This paragraph buys into the view that Muslims have an identity and authority over/against any nation state in which they live. This greatly compromises any effort to make progress by treaty, alliance or any of the other normal diplomatic means.

What I read in this speech is an important effort to build a diplomatic approach to a major foreign threat. This is necessary - the alternative is a protracted global war, waged largely on the defensive as there is no clear measure of victory.
But the President rightly noted his primary role as Commander in Chief of the Armed Forces, and there will have to be a strong military component to his policy. Parts of the Muslim world remain tribal and primitive, insulated from diplomacy. There are significant numbers of Muslims who really believe in a divine mission to subjugate the world under their faith. The President seems to get this:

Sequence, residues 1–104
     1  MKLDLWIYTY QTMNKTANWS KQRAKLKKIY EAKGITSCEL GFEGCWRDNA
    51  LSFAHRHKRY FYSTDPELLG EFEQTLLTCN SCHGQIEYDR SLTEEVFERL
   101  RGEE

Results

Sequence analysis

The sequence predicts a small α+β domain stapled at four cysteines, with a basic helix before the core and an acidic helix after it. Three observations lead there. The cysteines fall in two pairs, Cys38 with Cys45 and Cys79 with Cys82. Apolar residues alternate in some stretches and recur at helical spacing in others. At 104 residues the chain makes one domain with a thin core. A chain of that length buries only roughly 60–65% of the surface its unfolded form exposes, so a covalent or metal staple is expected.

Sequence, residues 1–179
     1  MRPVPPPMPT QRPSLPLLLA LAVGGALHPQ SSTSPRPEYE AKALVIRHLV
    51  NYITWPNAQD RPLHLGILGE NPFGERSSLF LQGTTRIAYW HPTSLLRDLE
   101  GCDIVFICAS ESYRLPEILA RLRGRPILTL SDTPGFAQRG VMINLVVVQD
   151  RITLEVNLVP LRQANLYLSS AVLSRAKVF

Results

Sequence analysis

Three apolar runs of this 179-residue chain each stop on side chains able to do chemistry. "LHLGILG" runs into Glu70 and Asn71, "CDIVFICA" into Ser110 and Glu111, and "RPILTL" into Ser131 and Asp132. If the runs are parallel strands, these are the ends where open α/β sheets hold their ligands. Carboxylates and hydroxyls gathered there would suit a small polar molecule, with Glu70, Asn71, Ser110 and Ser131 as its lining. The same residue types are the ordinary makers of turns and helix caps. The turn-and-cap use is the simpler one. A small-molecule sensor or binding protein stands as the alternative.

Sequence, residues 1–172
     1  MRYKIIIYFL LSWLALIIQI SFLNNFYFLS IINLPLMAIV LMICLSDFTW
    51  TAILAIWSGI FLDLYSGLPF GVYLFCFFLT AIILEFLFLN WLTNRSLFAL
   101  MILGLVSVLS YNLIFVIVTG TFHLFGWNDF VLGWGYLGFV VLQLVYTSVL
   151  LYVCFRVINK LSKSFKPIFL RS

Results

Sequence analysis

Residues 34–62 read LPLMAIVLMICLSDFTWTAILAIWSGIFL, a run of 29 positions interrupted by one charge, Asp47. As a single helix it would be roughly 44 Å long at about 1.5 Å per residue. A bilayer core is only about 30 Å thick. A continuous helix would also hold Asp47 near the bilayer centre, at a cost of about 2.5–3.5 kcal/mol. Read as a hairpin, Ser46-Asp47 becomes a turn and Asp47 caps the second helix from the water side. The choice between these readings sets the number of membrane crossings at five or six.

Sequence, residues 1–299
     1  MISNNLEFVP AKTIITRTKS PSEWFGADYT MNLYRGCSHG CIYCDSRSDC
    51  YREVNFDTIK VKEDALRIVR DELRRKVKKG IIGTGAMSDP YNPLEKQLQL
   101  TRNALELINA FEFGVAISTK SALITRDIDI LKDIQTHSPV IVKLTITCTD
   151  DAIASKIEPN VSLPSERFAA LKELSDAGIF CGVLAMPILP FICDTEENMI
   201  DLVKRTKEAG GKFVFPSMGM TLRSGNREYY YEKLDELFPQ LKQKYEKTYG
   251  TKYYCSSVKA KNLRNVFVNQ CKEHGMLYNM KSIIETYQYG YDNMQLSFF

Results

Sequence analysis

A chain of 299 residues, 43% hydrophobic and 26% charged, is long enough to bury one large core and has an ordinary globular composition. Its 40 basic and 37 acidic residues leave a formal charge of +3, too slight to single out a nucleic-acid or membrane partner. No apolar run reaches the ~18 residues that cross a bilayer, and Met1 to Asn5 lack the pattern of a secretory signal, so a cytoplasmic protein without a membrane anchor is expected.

So America will defend itself respectful of the sovereignty of nations and the rule of law. And we will do so in partnership with Muslim communities which are also threatened. The sooner the extremists are isolated and unwelcome in Muslim communities, the sooner we will all be safer.
Those of us who follow Jesus have a duty to respect and pray for those in public authority, and for our enemies. Let us offer up prayers for President Obama and this difficult undertaking in a world of conflict.
O God, the Father of all, whose Son commanded us to love our enemies: Lead them and us from prejudice to truth:deliver them and us from hatred, cruelty, and revenge; and in your good time enable us all to stand reconciled before you, through Jesus Christ our Lord. Amen. (Book of Common Prayer, 1979)


Alice C. Linsley said...

Well said, Georgia.

I question Obama's presentation of America is a place where religious traditions overlap. The secularization of American society is not consistent with either the biblical worldview or with Muslim's desire for Sharia.

Also, I ask for your prayers as I will have a 2-hour surgery on Monday and will have a good deal of pain for the first week.

TLF+ said...

Thanks for these comments, Georgia and Alice.

Prayers for you healing and comfort, Alice!